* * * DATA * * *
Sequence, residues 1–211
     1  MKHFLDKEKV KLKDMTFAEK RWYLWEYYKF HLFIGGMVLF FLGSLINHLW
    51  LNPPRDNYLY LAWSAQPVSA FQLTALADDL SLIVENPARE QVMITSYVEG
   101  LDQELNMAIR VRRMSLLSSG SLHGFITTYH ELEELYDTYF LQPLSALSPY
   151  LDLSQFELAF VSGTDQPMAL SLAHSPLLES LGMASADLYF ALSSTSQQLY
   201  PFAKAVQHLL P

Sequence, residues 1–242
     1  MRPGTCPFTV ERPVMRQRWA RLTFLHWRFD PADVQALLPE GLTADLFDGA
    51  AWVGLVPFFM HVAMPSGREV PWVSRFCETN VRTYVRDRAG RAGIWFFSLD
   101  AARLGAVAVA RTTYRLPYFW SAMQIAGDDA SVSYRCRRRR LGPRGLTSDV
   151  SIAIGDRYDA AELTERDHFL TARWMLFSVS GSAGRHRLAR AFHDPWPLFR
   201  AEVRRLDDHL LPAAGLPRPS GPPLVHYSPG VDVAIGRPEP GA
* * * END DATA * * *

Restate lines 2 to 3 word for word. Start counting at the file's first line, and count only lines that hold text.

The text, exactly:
     1  MKHFLDKEKV KLKDMTFAEK RWYLWEYYKF HLFIGGMVLF FLGSLINHLW
    51  LNPPRDNYLY LAWSAQPVSA FQLTALADDL SLIVENPARE QVMITSYVEG